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Arians has noticed a change in his players now tha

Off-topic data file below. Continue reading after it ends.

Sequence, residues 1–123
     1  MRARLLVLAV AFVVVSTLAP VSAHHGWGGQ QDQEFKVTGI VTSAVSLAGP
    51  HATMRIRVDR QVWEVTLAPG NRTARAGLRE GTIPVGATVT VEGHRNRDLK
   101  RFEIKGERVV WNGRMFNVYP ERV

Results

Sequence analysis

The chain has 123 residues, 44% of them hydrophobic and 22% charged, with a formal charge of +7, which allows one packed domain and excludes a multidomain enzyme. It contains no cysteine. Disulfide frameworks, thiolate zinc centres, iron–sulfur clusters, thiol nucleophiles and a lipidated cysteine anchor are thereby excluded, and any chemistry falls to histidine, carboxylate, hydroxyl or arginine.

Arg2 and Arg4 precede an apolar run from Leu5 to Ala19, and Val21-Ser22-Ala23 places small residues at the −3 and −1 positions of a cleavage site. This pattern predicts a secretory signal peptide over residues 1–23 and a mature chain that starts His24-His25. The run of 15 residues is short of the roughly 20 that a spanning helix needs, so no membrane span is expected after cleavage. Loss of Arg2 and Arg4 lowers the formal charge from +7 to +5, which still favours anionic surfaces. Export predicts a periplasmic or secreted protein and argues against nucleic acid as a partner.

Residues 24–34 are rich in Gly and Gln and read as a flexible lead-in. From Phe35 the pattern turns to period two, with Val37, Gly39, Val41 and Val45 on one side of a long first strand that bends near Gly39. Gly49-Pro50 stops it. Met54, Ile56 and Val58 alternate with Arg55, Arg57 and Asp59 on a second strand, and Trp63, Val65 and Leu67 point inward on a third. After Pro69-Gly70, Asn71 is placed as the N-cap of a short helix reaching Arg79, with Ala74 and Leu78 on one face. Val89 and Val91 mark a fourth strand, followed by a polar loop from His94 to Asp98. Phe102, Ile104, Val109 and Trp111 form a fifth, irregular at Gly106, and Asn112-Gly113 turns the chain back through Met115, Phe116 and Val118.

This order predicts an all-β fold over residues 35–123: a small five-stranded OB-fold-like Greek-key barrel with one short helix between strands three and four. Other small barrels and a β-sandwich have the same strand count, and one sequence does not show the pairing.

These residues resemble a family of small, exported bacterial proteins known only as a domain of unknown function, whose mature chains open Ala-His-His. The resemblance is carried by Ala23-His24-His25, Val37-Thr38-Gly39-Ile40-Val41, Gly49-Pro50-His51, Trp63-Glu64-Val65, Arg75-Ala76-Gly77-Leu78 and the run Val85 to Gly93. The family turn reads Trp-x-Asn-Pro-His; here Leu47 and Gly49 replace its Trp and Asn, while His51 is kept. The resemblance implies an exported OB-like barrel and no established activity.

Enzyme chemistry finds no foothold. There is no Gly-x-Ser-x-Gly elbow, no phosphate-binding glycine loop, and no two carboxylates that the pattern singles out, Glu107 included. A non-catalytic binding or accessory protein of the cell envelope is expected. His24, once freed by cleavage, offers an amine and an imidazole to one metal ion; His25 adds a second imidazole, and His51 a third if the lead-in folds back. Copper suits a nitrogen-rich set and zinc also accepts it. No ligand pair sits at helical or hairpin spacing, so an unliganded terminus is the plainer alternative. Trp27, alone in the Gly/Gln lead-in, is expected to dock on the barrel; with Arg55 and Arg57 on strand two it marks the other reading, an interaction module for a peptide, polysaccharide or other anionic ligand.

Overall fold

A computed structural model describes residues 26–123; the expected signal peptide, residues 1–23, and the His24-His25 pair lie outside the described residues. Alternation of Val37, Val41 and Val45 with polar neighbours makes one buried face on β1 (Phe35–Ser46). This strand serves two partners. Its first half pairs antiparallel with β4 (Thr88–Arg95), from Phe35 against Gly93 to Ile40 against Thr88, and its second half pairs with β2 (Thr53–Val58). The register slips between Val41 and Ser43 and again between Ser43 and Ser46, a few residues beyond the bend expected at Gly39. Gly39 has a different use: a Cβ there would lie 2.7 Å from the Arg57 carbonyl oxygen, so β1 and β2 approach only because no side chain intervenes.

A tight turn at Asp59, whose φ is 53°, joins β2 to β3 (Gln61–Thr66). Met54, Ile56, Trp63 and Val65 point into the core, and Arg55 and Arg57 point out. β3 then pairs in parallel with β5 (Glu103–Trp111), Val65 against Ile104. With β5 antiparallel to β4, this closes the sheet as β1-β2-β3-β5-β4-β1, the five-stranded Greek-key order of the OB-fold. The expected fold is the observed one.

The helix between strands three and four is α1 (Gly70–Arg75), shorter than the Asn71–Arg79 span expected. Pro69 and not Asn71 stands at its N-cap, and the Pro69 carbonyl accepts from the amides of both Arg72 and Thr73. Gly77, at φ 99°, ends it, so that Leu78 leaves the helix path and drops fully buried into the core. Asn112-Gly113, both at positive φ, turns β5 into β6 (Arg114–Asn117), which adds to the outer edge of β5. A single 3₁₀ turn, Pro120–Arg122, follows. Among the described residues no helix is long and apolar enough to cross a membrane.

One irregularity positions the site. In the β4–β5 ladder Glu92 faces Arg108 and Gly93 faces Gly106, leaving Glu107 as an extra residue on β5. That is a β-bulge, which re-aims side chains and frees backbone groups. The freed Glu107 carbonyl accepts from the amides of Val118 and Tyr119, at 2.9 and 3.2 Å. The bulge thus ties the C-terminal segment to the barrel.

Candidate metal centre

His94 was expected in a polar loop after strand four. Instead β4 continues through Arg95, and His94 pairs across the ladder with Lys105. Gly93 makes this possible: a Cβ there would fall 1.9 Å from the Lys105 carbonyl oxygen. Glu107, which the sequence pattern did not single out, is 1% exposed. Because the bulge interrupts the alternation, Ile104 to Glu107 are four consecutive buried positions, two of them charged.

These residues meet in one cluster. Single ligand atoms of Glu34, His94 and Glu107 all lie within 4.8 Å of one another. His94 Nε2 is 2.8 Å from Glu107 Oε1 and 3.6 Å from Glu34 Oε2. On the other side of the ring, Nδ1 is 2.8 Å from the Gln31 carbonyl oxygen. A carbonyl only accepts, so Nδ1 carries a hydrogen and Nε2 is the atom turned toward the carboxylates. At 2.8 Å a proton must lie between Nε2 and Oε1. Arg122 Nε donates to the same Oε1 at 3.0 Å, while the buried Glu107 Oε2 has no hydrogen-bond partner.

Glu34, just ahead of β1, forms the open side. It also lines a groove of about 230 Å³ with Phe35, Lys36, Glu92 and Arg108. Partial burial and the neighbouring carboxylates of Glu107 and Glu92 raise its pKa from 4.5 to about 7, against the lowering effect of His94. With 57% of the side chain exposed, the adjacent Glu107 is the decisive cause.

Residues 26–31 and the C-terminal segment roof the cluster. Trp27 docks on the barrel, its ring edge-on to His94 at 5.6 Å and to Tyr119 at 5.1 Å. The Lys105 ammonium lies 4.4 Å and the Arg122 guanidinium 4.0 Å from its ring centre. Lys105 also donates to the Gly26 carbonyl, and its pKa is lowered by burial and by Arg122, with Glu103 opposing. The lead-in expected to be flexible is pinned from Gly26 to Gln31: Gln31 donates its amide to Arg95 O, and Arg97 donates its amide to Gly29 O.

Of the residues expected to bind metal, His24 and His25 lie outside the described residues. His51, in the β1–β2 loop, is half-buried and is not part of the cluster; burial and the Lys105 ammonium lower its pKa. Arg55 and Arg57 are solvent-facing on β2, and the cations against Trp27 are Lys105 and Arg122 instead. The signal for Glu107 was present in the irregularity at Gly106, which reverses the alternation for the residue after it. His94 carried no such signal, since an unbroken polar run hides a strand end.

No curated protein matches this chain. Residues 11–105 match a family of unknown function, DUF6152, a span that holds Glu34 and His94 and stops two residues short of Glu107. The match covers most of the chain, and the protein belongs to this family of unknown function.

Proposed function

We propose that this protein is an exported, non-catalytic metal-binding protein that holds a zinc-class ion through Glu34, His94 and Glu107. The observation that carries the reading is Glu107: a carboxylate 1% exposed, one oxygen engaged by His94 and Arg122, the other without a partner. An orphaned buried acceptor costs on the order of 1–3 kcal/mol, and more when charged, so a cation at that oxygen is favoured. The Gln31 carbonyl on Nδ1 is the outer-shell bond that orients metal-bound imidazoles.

first_imgArians has noticed a change in his players now that the final cuts are near.“Yeah, they go fast in a walk-through, and that’s OK,” he said. “There’s a lot of anxiety in some of these young guys.”No doubt some of the names that end up on the list, which will probably be released in part Friday and finalized Saturday, will come as a surprise, at least on the surface. In fairness, a sign of a team being good is that they can afford to (or have to) move on from talented players.The hope, of course, is that none of the decisions come back to bite the team, such as a player who they dumped landing a key role with a rival or someone they keep under-performs relative to someone they did not.Steve Keim has to weigh many factors when choosing who will still be a Cardinal by the end of this weekend. Keim has never one to shy away from making a tough roster move as long as it will improve the team, as in his first three seasons in charge the GM made 592 roster moves, 182 of which came in 2015.Though the heavy lifting of building this year’s Cardinals will be finished by Saturday afternoon, the work is never really done.“I think thing that you want to do is you want to make sure that, when you’re building your roster, that those players that you’re going to have inactive on a week-to-week basis are either guys that are dealing with injuries or guys who are developmental-type prospects,” Keim said. “You don’t want to look over and see that guys making significant amount of money. Former Cardinals kicker Phil Dawson retires “So you want to make sure that you’re building your roster in a healthy way, but at the same time, I think that we’ve done a good job of eliminating dead money as a whole, in the cap, and putting guys in position to succeed. This round is going to be difficult, because starting where we did four years ago, it’s night and day in terms of, now all of a sudden, instead of scouring the waiver wire — we’ll continue to do that — but it’s going to be more difficult to find guys that we think can improve our football team.” Grace expects Greinke trade to have emotional impact So, how do you choose?“It depends where that veteran is on the clock,” Arians said. “Is the arrow still going up or is it level? And a young player, probably the deciding factor will be special teams.”While we cannot really know for sure which players on the bubble, it is safe to say the most difficult positions to trim down will be along the defensive line and at receiver.One of the veterans up front, Red Bryant, knows his place on the roster is anything but secure.“They already got great defensive linemen, great leadership, and I’m just grateful that they thought enough of me to bring me back and getting an opportunity,” he said following the team’s preseason loss to the Texans. “As a football player, that’s all you can ask for, an opportunity. If I’m here, I’m going to be ecstatic. If I’m not, I’m still going to be rooting for them because that’s how good of a group it is here.”A veteran of eight NFL seasons who was out of football until the Cardinals signed him last November, Bryant has a unique perspective on the situation he is currently in.Players who have either not been in this situation before or have been in it for the majority of their young careers, are not likely as calm. Comments   Share   Arizona currently has 75 players on their roster, and by Saturday afternoon that number must be trimmed to 53.Head coach Bruce Arians said by now they have a pretty good idea of which players will stick, noting there are about four open spots left with 12 players vying for the jobs.Veterans with track records, young players with upside: all are on the chopping block, though some of the less-experienced players could land on the team’s practice squad. The 5: Takeaways from the Coyotes’ introduction of Alex Meruelo Arizona Cardinals head coach Bruce Arians, left, and general manager Steve Keim watch practice at the NFL football team’s training camp, Friday, July 29, 2016, in Glendale, Ariz. (AP Photo/Matt York) Top Stories Derrick Hall satisfied with D-backs’ buying and sellinglast_img read more